3.1 Cubes

• But things can get complicated pretty fast (4 dim.)

all
0-D(apex) cuboid

time item location supplier

1-D cuboids

time,item time,location item,location location,supplier

time,supplier 2-D cuboids

item,supplier

time,item,location time,location,supplier

3-D cuboids

time,item,supplier item,location,supplier

time, item, location, supplier 4-D(base) cuboid

Data Warehousing & OLAP – Wolf-Tilo Balke – Institut für Informationssysteme – TU Braunschweig 15

3.1 Basic Operations

• Basic operations of the multidimensional
paradigm at logical level

– Selection
– Projection
– Cube join
– Aggregation

Data Warehousing & OLAP – Wolf-Tilo Balke – Institut für Informationssysteme – TU Braunschweig 16

3.1 Basic Operations

• Multidimensional Selection

– The selection on a cube C((D1.K1,…, Dg.Kg),
(M1, …, Mm)) with a predicate P, is defined as
σP(C) = {z Є C:P(z)}, if all variables in P are either:

• Classification levels K , which functionally depend on a
classification level in the granularity of K, i.e. Di.Ki ⟶ K

• Measures from (M1, …, Mm)

– E.g. σP.Prod_group=“Video”(Sales)

Data Warehousing & OLAP – Wolf-Tilo Balke – Institut für Informationssysteme – TU Braunschweig 17

3.1 Basic Operations

• Multidimensional projection

– The projection of a function of some measure F(M)
of cube C is defined as

F(M)(C) = { (g,F(m))  dom(G) x dom(F(M)): (g,m)  C}

– E.g. turnover, sold_items(Sales)

Sales
Turnover
Sold_items

Data Warehousing & OLAP – Wolf-Tilo Balke – Institut für Informationssysteme – TU Braunschweig 18

3.1 Basic Operations

• Join operations between cubes is usual

– E.g. if turnover would not be provided, it could be
calculated with the help of the unit price from the
price cube

• 2 cubes C1(G1, M1) and C2(G2, M2) can only be
joined, if they have the same granularity

(G1= G2 = G)

– C1⋈C2= C(G, M1∪ M2)

Sales Price
Units_Sold Unit Price

Data Warehousing & OLAP – Wolf-Tilo Balke – Institut für Informationssysteme – TU Braunschweig 19

3.1 Basic Operations

• Comparing granularities

– A granularity G={D1.K1, …, Dg.Kg} is finer than
G’={D1’.K1’, …, Dh’.Kh’}, if and only if
for each Dj’.Kj’ G’ ∃ Di.Ki  G where Di.Ki ⟶ Dj’.Kj’

Data Warehousing & OLAP – Wolf-Tilo Balke – Institut für Informationssysteme – TU Braunschweig 20

3.1 Basic Operations

• When the granularities are different, but we still
need to join the cubes, aggregation has to be
performed

– E.g. , Sales ⋈ Inventory: aggregate Sales((Day,Article,
Store, Client)) to Sales((Month,Article, Store, Client))

Country Region District City Client Sales
Store Turnover

Prod. Categ Prod. Family Prod. Group Article Inventory
Week Stock

Year Quarter Month Day 21

Data Warehousing & OLAP – Wolf-Tilo Balke – Institut für Informationssysteme – TU Braunschweig

3.1 Basic Operations

• Aggregation is the most important operation
for OLAP

• Aggregation functions

– Compute a single value from some set of values, e.g. in
SQL: SUM,AVG, Count, …

– Example: SUM(P.Product_group, G.City, T.Month)(Sales)

Data Warehousing & OLAP – Wolf-Tilo Balke – Institut für Informationssysteme – TU Braunschweig 22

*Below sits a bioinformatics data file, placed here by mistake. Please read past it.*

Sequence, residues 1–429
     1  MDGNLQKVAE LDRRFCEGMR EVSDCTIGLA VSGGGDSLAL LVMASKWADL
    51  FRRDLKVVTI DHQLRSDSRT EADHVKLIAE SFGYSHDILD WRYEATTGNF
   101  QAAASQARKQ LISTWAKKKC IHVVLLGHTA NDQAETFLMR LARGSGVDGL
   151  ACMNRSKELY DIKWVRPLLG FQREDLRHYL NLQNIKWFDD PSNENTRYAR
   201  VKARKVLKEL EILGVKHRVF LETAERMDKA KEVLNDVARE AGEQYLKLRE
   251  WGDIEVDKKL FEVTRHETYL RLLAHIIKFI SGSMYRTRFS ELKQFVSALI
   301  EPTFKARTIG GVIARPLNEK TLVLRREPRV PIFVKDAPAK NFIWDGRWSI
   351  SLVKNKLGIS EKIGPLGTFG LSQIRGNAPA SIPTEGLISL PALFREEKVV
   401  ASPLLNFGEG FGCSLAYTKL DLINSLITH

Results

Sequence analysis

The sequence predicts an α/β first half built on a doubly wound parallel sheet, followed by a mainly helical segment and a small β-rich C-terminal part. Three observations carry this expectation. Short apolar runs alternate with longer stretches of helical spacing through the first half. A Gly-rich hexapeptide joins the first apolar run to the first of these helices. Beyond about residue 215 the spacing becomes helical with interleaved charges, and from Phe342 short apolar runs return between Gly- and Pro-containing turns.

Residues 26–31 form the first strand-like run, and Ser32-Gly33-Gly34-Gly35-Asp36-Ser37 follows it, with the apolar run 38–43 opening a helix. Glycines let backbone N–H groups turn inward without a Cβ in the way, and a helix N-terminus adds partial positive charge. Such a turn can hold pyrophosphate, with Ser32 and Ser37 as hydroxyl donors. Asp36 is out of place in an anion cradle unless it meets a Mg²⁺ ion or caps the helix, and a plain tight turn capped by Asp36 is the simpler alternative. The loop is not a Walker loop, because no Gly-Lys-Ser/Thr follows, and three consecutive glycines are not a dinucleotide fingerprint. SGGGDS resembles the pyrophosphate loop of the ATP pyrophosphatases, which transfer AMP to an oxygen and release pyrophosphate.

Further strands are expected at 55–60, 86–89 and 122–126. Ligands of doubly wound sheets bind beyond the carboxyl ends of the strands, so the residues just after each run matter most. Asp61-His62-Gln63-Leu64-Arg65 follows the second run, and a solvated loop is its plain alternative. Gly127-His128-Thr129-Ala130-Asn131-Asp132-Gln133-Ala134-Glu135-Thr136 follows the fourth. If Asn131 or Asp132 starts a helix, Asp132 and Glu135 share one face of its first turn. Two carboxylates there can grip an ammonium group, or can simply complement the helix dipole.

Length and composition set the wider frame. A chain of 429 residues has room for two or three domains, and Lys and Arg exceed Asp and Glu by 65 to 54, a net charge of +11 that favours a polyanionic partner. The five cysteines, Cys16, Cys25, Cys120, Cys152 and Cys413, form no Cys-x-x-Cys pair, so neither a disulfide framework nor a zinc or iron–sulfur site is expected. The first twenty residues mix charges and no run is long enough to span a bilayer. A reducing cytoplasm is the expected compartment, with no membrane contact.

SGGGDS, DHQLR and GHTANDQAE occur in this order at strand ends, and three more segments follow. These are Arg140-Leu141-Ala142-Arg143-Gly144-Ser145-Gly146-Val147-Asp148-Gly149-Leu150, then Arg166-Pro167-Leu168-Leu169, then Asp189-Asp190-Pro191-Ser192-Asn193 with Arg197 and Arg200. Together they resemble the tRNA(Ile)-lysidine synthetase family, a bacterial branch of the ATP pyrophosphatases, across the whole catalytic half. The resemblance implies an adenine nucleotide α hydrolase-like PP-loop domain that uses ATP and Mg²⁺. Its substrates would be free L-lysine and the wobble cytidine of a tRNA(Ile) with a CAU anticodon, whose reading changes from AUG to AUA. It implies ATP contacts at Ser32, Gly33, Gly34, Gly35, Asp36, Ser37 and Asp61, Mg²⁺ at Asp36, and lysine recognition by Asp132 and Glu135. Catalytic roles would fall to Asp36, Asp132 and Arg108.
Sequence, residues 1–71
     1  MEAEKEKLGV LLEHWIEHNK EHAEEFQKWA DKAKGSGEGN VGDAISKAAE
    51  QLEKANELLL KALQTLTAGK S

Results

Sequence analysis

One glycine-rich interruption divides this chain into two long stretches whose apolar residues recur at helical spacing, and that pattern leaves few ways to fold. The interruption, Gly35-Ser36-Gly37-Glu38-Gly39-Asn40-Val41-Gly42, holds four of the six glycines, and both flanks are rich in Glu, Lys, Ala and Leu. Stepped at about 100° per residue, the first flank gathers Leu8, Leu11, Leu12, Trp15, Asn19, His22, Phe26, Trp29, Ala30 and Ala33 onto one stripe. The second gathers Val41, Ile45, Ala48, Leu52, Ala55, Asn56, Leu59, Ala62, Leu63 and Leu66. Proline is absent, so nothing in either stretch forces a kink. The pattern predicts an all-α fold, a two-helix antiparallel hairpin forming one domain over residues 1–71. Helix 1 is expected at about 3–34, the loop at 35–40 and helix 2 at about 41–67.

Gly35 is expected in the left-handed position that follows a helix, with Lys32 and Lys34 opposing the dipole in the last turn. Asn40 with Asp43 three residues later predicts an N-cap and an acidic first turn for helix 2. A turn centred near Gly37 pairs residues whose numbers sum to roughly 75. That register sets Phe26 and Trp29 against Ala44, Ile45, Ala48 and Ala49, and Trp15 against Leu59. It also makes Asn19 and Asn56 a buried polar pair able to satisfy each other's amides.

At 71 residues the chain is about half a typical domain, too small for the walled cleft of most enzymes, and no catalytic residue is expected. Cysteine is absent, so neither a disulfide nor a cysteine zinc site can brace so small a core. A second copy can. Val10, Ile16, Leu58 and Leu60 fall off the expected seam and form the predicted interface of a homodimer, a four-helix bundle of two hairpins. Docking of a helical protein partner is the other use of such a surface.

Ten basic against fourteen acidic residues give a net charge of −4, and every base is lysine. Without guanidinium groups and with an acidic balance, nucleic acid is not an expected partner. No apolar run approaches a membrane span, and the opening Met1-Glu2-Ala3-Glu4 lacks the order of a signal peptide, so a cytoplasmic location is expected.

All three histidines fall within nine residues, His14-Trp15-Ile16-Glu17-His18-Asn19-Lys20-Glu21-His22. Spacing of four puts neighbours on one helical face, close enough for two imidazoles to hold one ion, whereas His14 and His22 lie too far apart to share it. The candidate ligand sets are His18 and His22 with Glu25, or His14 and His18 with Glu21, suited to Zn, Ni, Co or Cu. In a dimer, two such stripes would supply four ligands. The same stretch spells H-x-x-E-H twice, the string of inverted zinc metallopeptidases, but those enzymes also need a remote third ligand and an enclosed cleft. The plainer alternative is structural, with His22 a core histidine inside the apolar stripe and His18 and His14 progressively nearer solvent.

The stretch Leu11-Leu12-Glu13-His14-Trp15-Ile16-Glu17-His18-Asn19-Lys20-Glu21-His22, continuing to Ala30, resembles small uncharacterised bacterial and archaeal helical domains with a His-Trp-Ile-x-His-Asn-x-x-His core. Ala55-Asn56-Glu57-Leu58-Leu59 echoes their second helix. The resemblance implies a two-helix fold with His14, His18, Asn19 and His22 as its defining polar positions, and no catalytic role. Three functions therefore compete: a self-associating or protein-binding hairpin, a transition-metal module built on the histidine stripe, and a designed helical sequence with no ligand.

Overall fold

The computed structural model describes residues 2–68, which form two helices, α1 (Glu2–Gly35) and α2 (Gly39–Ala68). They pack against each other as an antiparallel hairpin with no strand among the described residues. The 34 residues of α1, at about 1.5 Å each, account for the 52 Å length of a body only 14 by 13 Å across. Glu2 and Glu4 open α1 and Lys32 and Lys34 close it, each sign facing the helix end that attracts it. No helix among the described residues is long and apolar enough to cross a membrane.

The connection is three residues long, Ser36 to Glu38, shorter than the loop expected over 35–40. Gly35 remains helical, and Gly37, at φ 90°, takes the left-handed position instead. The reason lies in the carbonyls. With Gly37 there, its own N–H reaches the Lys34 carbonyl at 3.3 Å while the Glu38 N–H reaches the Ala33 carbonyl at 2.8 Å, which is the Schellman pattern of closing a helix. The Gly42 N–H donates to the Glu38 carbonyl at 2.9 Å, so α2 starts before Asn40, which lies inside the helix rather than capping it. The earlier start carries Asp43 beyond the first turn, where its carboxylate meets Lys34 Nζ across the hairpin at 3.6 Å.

3.1 Change support

• Classification hierarchy, classification schema, cube
schema are all designed in the building phase and
considered as fixed

– Practice has proven different

– DW grow old, too

• Reasons for classification hierarchy and schema
modifications

– New requirements

– Data evolution

Data Warehousing & OLAP – Wolf-Tilo Balke – Institut für Informationssysteme – TU Braunschweig 23

3.1 Classification Hierarchy

• Some electronics retail company feed data to
their DW since 2003

– Example of a simple classification hierarchy of data
until 01.07.2008, for mobile phones only:

Mobile Phone

GSM 3G

Nokia 3600 O2 XDA BlackBerry
Bold

Data Warehousing & OLAP – Wolf-Tilo Balke – Institut für Informationssysteme – TU Braunschweig 24

3.1 Classification Hierarchy

• After 01.07.2008 3G becomes hip and affordable
and many phone makers start migrating towards
3G capable phones

– O2 made its XDA 3G capable

Mobile Phone

GSM 3G

Nokia 3600 O2 XDA BlackBerry
Bold

Data Warehousing & OLAP – Wolf-Tilo Balke – Institut für Informationssysteme – TU Braunschweig 25

3.1 Classification Hierarchy

• After 01.04.2011 phone makers already develop
4G capable phones

Mobile Phone

GSM 3G 4G

Nokia 3600 O2 XDA BlackBerry Best phone
Bold ever

Data Warehousing & OLAP – Wolf-Tilo Balke – Institut für Informationssysteme – TU Braunschweig 26

3.1 Classification Hierarchy

• Problem: Sales volume for GSM
products can be problematic

– According to the current schema, O2 XDA belongs to
the 3G category

– None of the O2XDA GSM only devices will account
for the GSM sales volume

• Solution: trace the evolution of the data

– Versioning system of the classification hierarchy
with validity timestamps

Data Warehousing & OLAP – Wolf-Tilo Balke – Institut für Informationssysteme – TU Braunschweig 27

3.1 Classification Hierarchy

• Annotated change data

[01.03.2003, ∞) Mobile Phone [01.04.2011, ∞)

[01.04.2005, ∞)

GSM 3G 4G

[01.04.2005, ∞) [01.07.2008, ∞) [01.03.2006, ∞) [01.04.2011, ∞)
[01.03.2003, 01.07.2008)
BlackBerry Best phone
Nokia 3600 O2 XDA Bold ever